Next day, in the afternoon, Philip sat in his room and wondered whether Mildred would come. He had slept badly. He had spent the morning in the club of the Medical School, reading one newspaper after another. It was the vacation and few students he knew were in London, but he found one or two people to talk to, he played a game of chess, and so wore out the tedious hours. After luncheon he felt so tired, his head was aching so, that he went back to his lodgings and lay down; he tried to read a novel. He had not seen Griffiths. He was not in when Philip returned the night before; he heard him come back, but he did not as usual look into Philip's room to see if he was asleep; and in the morning Philip heard him go out early. It was clear that he wanted to avoid him. Suddenly there was a light tap at his door. Philip sprang to his feet and opened it. Mildred stood on the threshold. She did not move.
"Come in," said Philip.
He closed the door after her. She sat down. She hesitated to begin.
"Thank you for giving me that two shillings last night," she said.
"Oh, that's all right."
She gave him a faint smile. It reminded Philip of the timid, ingratiating look of a puppy that has been beaten for naughtiness and wants to reconcile himself with his master.
"I've been lunching with Harry," she said.
"If you still want me to go away with you on Saturday, Philip, I'll come."
A quick thrill of triumph shot through his heart, but it was a sensation that only lasted an instant; it was followed by a suspicion.
"Because of the money?" he asked.
"Partly," she answered simply. "Harry can't do anything. He owes five weeks here, and he owes you seven pounds, and his tailor's pressing him for money. He'd pawn anything he could, but he's pawned everything already. I had a job to put the woman off about my new dress, and on Saturday there's the book at my lodgings, and I can't get work in five minutes. It always means waiting some little time till there's a vacancy."
She said all this in an even, querulous tone, as though she were recounting the injustices of fate, which had to be borne as part of the natural order of things. Philip did not answer. He knew what she told him well enough.
"You said partly," he observed at last.
"Well, Harry says you've been a brick to both of us. You've been a real good friend to him, he says, and you've done for me what p'raps no other man would have done. We must do the straight thing, he says. And he said what you said about him, that he's fickle by nature, he's not like you, and I should be a fool to throw you away for him. He won't last and you will, he says so himself."
"D'you WANT to come away with me?" asked Philip.
"I don't mind."
He looked at her, and the corners of his mouth turned down in an expression of misery. He had triumphed indeed, and he was going to have his way. He gave a little laugh of derision at his own humiliation. She looked at him quickly, but did not speak.
"I've looked forward with all my soul to going away with you, and I thought at last, after all that wretchedness, I was going to be happy..."
He did not finish what he was going to say. And then on a sudden, without warning, Mildred broke into a storm of tears. She was sitting in the chair in which Norah had sat and wept, and like her she hid her face on the back of it, towards the side where there was a little bump formed by the sagging in the middle, where the head had rested.
"I'm not lucky with women," thought Philip.
Her thin body was shaken with sobs. Philip had never seen a woman cry with such an utter abandonment. It was horribly painful, and his heart was torn. Without realising what he did, he went up to her and put his arms round her; she did not resist, but in her wretchedness surrendered herself to his comforting. He whispered to her little words of solace. He scarcely knew what he was saying, he bent over her and kissed her repeatedly.
"Are you awfully unhappy?" he said at last.
"I wish I was dead," she moaned. "I wish I'd died when the baby come."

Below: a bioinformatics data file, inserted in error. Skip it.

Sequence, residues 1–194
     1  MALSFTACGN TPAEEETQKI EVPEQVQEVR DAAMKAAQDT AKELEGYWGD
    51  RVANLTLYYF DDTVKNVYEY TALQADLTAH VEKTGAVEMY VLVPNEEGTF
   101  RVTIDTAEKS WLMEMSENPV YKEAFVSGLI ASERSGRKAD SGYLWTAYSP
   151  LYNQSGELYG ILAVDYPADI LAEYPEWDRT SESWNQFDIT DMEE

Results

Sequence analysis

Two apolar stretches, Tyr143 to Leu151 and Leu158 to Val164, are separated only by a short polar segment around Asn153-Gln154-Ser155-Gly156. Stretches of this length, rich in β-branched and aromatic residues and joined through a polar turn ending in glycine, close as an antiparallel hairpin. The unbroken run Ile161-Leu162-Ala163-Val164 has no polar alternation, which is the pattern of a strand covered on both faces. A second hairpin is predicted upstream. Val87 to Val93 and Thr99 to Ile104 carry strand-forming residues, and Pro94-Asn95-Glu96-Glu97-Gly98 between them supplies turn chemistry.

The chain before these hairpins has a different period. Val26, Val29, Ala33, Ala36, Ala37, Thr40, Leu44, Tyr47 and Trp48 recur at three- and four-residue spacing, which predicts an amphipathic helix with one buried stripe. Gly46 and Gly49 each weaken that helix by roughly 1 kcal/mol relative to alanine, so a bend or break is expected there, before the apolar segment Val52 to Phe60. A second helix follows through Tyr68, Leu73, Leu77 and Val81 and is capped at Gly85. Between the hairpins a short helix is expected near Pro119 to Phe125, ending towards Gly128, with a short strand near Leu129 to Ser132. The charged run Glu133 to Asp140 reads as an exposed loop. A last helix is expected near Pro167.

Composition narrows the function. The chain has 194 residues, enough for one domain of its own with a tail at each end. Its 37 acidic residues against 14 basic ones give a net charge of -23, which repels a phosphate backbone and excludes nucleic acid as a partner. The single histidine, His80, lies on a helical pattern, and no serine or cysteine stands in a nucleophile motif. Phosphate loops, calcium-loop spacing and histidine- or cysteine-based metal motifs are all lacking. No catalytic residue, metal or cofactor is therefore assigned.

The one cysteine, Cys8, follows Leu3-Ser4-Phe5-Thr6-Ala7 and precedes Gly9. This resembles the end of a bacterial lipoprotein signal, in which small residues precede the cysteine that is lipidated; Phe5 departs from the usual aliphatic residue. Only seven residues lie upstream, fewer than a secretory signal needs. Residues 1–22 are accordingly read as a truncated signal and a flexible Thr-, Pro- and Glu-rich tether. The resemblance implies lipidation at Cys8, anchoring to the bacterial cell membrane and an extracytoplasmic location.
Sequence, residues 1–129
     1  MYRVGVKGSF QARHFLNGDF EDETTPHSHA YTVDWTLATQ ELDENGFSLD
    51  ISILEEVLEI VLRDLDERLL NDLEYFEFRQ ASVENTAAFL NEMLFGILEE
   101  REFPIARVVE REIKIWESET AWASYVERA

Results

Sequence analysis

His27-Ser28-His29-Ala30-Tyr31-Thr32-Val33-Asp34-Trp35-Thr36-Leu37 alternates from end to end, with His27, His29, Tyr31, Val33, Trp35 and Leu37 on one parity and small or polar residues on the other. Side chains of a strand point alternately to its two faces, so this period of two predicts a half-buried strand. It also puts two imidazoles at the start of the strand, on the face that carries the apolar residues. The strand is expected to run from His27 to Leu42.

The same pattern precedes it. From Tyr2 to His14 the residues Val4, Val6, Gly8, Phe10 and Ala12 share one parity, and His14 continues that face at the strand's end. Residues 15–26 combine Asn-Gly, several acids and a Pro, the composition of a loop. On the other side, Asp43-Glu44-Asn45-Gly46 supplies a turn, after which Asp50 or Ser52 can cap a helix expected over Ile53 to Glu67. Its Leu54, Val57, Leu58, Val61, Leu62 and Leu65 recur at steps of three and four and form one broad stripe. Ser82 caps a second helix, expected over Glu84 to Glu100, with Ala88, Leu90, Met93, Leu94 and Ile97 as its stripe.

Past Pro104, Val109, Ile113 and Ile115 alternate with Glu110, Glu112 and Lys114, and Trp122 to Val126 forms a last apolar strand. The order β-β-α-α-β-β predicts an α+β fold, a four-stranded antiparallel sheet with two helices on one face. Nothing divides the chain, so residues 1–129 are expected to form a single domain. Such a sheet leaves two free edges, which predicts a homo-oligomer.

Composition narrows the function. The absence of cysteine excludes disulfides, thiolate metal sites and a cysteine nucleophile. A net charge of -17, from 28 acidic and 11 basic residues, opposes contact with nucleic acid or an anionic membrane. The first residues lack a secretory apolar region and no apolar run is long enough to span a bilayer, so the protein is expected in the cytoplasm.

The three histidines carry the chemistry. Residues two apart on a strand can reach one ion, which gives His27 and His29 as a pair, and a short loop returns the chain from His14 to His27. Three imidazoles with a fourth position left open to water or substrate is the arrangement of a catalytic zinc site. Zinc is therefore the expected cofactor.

Her hat was in her way, and Philip took it off for her. He placed her head more comfortably in the chair, and then he went and sat down at the table and looked at her.
"It is awful, love, isn't it?" he said. "Fancy anyone wanting to be in love."
Presently the violence of her sobbing diminished and she sat in the chair, exhausted, with her head thrown back and her arms hanging by her side. She had the grotesque look of one of those painters' dummies used to hang draperies on.
"I didn't know you loved him so much as all that," said Philip.
He understood Griffiths' love well enough, for he put himself in Griffiths' place and saw with his eyes, touched with his hands; he was able to think himself in Griffiths' body, and he kissed her with his lips, smiled at her with his smiling blue eyes. It was her emotion that surprised him. He had never thought her capable of passion, and this was passion: there was no mistaking it. Something seemed to give way in his heart; it really felt to him as though something were breaking, and he felt strangely weak.
"I don't want to make you unhappy. You needn't come away with me if you don't want to. I'll give you the money all the same."
She shook her head.
"No, I said I'd come, and I'll come."
"What's the good, if you're sick with love for him?"
"Yes, that's the word. I'm sick with love. I know it won't last, just as well as he does, but just now..."
She paused and shut her eyes as though she were going to faint. A strange idea came to Philip, and he spoke it as it came, without stopping to think it out.
"Why don't you go away with him?"
"How can I? You know we haven't got the money."
"I'll give you the money"
She sat up and looked at him. Her eyes began to shine, and the colour came into her cheeks.
"Perhaps the best thing would be to get it over, and then you'd come back to me."
Now that he had made the suggestion he was sick with anguish, and yet the torture of it gave him a strange, subtle sensation. She stared at him with open eyes.
"Oh, how could we, on your money? Harry wouldn't think of it."
"Oh yes, he would, if you persuaded him."
Her objections made him insist, and yet he wanted her with all his heart to refuse vehemently.
"I'll give you a fiver, and you can go away from Saturday to Monday. You could easily do that. On Monday he's going home till he takes up his appointment at the North London."
"Oh, Philip, do you mean that?" she cried, clasping her hands. "If you could only let us go--I would love you so much afterwards, I'd do anything for you. I'm sure I shall get over it if you'll only do that. Would you really give us the money?"
"Yes," he said.
She was entirely changed now. She began to laugh. He could see that she was insanely happy. She got up and knelt down by Philip's side, taking his hands.
"You are a brick, Philip. You're the best fellow I've ever known. Won't you be angry with me afterwards?"
He shook his head, smiling, but with what agony in his heart!